Picton Castle sailed past Henderson Island, one of the Pitcairn Islands, on Sunday afternoon. There are actually four islands that make up the Pitcairn Islands – Pitcairn, Henderson, Ducie and Oeno. Pitcairn is the only one that is regularly inhabited, although the islanders make occasional expeditions to the other islands. Henderson is a raised atoll, one of only a few in the world. The Captain visited there on an expedition to collect wood on a previous visit to Pitcairn, while sailing around the world on the brigantine Romance in the 1970s. As we sailed past, he told us about landing the longboat on the beach on the north side of the island, chopping down trees and floating them out to the Romance, anchored off, to be loaded on deck. At that time, most of the wood for carvings came from Henderson, but now most of the wood is grown right on Pitcairn Island.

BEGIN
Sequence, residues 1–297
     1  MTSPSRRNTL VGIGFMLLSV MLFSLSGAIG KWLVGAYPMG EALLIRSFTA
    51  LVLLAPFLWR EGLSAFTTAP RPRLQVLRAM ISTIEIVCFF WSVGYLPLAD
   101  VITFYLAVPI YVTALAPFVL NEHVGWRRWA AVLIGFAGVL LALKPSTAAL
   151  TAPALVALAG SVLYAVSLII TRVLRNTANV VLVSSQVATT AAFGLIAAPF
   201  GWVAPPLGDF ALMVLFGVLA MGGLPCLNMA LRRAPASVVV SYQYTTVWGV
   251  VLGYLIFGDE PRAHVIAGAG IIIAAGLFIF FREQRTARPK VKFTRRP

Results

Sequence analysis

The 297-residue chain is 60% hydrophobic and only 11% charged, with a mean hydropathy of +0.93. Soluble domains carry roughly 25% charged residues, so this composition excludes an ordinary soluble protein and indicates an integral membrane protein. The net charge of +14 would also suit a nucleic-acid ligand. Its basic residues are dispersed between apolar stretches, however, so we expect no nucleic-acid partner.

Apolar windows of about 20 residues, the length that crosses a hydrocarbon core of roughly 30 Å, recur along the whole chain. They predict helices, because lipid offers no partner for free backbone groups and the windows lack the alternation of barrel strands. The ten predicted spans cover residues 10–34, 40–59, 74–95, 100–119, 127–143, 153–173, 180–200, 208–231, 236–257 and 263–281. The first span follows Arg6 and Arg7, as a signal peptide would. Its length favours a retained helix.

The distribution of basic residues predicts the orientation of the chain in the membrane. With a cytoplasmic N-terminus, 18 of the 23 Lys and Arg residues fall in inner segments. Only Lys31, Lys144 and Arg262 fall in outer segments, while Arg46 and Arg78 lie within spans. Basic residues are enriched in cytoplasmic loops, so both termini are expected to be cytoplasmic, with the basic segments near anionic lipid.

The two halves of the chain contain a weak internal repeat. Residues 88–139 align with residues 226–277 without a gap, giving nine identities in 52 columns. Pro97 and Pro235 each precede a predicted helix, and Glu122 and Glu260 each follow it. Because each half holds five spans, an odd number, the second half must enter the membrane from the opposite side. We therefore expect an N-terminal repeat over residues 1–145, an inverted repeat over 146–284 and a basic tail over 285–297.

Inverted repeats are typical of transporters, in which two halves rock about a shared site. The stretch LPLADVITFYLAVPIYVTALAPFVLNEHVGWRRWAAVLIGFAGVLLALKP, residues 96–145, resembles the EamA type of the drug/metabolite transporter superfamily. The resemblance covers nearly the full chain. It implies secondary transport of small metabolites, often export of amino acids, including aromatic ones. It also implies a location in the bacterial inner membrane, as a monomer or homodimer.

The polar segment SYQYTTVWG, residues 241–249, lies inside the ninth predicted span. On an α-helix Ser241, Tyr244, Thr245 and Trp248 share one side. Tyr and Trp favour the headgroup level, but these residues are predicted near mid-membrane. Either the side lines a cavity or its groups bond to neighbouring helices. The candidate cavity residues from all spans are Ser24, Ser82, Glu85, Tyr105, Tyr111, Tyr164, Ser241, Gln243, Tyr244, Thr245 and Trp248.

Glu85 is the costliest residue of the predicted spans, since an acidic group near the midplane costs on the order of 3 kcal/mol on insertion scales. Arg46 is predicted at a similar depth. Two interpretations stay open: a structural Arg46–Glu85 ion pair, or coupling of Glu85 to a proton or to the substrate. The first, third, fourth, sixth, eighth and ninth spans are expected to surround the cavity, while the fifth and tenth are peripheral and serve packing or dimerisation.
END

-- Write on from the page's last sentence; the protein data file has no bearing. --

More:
We had motored through the day to reach Henderson, but once we were there the engine was turned off and we set sail again, including stuns’ls. We sailed through the night, making between 5 and 6 knots to cover the last 120nm to Pitcairn Island. Paul sighted Pitcairn first on his 4-8 watch. By breakfast time we were just a few miles away, sailing in the direction of Bounty Bay, still with stuns’ls set on the port side of the foremast. As we approached land we took in the stuns’ls, and sailed along past Adamstown, around Matt’s Rocks and over to Tedside where we dropped the starboard anchor.